The first comprehensive report on the "magnitude, frequency and brutality" of such violence in South Sudan's conflict zones was released by the International Rescue Committee and George Washington University's Global Women's Institute.
As the world's youngest nation approaches its fifth year of civil war, rape has often been used as a weapon by both government and opposition forces.
The civil war has killed more than 50,000 people, forced more than two million to flee abroad and plunged parts of the country into famine.
Up to 65 percent of women and girls interviewed for the new study said they had experienced sexual or physical violence, while over half of the women reported domestic abuse. In the capital, Juba, women and girls living in the United Nations-run civilian protection site were most vulnerable to sexual violence.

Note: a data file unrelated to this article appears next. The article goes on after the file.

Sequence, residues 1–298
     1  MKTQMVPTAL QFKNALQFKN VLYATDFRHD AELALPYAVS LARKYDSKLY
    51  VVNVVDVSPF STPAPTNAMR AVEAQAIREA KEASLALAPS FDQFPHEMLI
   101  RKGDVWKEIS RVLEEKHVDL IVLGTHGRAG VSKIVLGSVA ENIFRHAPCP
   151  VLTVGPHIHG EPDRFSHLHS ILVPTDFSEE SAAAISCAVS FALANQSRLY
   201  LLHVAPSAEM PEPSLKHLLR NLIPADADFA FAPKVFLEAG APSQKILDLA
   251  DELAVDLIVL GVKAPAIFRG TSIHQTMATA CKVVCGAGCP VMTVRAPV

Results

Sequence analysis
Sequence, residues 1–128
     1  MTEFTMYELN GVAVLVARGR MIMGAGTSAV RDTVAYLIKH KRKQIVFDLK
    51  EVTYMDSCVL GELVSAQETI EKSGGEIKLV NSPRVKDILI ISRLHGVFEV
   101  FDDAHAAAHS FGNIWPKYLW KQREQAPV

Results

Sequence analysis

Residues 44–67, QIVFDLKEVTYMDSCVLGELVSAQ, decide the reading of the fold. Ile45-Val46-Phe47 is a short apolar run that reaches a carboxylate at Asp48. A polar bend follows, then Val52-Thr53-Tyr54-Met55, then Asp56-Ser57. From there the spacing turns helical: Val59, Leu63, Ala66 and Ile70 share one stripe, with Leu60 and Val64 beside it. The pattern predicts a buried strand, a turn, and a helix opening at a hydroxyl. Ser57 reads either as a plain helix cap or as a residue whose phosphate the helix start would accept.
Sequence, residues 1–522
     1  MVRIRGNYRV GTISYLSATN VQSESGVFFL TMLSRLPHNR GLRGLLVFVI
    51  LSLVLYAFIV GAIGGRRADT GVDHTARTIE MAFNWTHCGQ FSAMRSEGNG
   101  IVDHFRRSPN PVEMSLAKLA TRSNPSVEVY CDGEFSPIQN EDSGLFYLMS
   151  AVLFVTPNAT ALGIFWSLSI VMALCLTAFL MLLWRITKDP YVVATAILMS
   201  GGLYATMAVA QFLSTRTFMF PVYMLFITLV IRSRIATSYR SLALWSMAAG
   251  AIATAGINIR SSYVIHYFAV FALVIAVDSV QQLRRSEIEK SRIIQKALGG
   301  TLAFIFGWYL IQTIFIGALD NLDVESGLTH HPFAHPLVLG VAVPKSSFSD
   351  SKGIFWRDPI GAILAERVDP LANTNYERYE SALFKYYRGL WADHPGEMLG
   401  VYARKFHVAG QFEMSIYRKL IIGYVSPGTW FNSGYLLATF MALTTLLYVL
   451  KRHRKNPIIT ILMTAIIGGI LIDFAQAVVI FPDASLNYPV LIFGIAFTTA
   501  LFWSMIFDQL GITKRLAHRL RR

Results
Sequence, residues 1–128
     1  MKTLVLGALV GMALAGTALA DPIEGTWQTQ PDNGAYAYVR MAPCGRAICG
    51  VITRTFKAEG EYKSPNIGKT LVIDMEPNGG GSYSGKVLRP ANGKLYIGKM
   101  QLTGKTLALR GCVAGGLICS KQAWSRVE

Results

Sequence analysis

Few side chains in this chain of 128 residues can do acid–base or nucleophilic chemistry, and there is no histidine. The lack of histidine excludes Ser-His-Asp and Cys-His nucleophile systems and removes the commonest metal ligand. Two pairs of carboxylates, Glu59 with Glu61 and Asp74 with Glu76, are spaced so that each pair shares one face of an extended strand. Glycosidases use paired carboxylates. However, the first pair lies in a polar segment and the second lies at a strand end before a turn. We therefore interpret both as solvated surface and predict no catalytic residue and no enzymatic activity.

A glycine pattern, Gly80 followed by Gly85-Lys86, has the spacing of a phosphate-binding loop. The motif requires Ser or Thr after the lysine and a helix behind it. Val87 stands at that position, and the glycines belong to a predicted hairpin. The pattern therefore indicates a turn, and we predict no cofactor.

Chuol Madol said she was gang-raped by government soldiers in October when she left the camp in Juba to look for firewood.
"Women were crying but we were so deep in the bush that no one could help us," the 27-year-old told The Associated Press. "We're not fighting anyone. We're only here, trying to live."
The new report cites a "breakdown in the rule of law" in South Sudan, meaning perpetrators go unpunished.
"As we have seen in South Sudan time and again since this war started, armed forces on all sides engage in sexual violence with impunity. It is used both opportunistically and as a weapon of war to intimidate, punish and abuse civilians," said Jehanne Henry, senior Africa researcher for Human Rights Watch.
Civil society organisations are calling on South Sudan's government and UN agencies to create a "concrete strategy" for combatting the violence.
"Perpetrators of violence against women and girls in South Sudanese communities are multiplying regularly," said Edmund Yakani, executive director for the Community Empowerment for Progress Organization, a local advocacy group.
In light of the new UK-funded study, the British government has increased support aimed at helping 750,000 survivors in South Sudan and around the world to help "stop the cycles of violence."